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Improving the Local Distance Scale from Empirically Calibrated Stellar Isochrones

by An, Deokkeun

Abstract (Summary)
Many outstanding problems concerning the formation and evolution of the Galaxy require accurate distances, but currently available photometric parallax relations for main-sequence (MS) stars often have an unacceptable accuracy of > ~20%. To overcome this, a method for empirically calibrating theoretical color-temperature relations was developed, with emphasis given to the critical assessment of the accuracy of the MS-fitting technique in the Johnson-Cousins-2MASS filter system. It is demonstrated that isochrones with empirical corrections accurately match the shape of the MS for nearby well-studied open clusters and provide internally consistent distances in several color indices. The resulting error in distance is estimated to be ~2% when there exists a good metallicity estimate. The distance to the Pleiades is in excellent agreement with several geometric distance measurements. Furthermore, the Cepheid period-luminosity (P-L) relation derived from Milky Way open clusters yields a distance to the maser-host galaxy NGC~4258 that agrees with the geometric measurement. These results suggest that a self-consistent local distance scale, estimated from trigonometric parallaxes, MS-fitting method, and Cepheid P-L relations, is now within reach. Photometric parallax relations in the Sloan Digital Sky Survey (SDSS) griz system are also presented to exploit the full capabilities of the SDSS imaging survey. For this purpose, SDSS imaging data for 17 globular and 3 open clusters are reduced with the DAOPHOT/ALLFRAME suite of programs. Theoretical isochrones are tested over a wide range of metallicity using the photometry and fiducial sequences for these clusters. It is demonstrated that the models are in satisfactory agreement with the data for [Fe/H]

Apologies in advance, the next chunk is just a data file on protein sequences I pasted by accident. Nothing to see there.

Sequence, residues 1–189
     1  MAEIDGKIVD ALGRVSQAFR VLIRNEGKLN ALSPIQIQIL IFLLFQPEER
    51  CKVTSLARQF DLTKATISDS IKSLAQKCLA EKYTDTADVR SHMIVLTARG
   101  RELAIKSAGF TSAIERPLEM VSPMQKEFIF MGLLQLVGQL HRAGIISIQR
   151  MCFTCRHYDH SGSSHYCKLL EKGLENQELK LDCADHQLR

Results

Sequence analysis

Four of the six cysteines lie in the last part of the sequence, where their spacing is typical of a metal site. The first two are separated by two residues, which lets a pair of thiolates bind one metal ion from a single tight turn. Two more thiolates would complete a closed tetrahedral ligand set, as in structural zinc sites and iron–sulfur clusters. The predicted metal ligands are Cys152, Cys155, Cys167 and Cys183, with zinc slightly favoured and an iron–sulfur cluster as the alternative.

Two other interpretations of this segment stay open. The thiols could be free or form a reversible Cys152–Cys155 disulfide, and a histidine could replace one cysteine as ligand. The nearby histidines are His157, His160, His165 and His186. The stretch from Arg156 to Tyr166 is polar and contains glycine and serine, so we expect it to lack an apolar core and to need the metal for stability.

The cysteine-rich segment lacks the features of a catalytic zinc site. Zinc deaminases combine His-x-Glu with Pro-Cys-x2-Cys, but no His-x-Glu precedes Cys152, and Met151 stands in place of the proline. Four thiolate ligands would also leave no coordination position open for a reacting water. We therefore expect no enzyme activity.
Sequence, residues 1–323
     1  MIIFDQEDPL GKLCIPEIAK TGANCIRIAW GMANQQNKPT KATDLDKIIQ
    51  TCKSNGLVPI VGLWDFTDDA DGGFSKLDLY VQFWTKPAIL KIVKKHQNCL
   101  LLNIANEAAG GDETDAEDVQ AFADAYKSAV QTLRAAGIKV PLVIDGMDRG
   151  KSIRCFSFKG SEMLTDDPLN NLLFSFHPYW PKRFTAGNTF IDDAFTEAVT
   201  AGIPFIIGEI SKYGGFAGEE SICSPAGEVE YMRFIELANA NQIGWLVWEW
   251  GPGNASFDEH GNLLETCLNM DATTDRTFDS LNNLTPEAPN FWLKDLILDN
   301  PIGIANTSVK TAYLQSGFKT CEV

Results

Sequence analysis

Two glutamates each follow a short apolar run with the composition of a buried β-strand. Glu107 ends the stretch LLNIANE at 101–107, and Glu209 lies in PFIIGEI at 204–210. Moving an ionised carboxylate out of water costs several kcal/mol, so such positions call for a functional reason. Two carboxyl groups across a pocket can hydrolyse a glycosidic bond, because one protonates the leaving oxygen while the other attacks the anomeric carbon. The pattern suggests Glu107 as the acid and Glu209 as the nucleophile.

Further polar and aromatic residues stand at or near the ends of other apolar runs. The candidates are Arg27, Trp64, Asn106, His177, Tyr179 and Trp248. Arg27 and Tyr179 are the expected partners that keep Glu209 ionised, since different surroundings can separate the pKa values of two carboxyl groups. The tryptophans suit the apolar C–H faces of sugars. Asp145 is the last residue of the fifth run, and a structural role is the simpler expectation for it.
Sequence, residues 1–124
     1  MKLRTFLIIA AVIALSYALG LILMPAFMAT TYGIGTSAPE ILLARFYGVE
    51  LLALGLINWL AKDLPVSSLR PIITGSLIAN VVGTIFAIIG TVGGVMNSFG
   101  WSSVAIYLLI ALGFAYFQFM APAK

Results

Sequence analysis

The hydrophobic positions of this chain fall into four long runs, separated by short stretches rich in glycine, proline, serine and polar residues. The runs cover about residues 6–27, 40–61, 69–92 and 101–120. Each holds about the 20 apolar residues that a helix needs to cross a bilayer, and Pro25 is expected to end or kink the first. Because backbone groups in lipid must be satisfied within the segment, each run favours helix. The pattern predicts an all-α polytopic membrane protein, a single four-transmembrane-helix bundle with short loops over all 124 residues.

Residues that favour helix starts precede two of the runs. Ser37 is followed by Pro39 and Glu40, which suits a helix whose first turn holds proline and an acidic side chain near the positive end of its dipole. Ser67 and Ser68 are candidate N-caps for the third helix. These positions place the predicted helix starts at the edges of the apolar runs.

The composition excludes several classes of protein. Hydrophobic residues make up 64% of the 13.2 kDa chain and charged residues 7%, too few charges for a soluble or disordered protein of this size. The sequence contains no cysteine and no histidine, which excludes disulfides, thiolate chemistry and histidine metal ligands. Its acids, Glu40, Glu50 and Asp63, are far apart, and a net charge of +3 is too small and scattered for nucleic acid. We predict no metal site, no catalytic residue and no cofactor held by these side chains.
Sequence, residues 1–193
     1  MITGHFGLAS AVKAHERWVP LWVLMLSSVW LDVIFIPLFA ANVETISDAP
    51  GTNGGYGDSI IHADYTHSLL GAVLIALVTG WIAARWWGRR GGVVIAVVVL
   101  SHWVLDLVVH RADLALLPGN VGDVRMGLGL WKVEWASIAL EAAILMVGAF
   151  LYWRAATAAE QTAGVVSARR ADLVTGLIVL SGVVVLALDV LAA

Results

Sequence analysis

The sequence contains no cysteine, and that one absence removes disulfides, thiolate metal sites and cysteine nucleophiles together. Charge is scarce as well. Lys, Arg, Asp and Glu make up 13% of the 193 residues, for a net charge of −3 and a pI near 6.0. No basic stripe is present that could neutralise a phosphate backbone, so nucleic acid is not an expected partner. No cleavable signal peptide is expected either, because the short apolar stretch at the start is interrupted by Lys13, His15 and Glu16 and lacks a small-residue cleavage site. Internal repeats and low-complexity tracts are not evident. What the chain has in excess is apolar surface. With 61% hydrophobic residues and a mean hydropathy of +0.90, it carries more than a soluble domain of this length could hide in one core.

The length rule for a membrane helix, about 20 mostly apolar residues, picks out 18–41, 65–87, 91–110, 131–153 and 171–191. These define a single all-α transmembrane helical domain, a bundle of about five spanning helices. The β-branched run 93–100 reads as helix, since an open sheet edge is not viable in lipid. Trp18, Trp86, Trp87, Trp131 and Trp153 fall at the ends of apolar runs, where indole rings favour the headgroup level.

Bibliographical Information:

Advisor:

School:The Ohio State University

School Location:USA - Ohio

Source Type:Master's Thesis

Keywords:distance scale stellar evolution open clusters and associations globular

ISBN:

Date of Publication:01/01/2008

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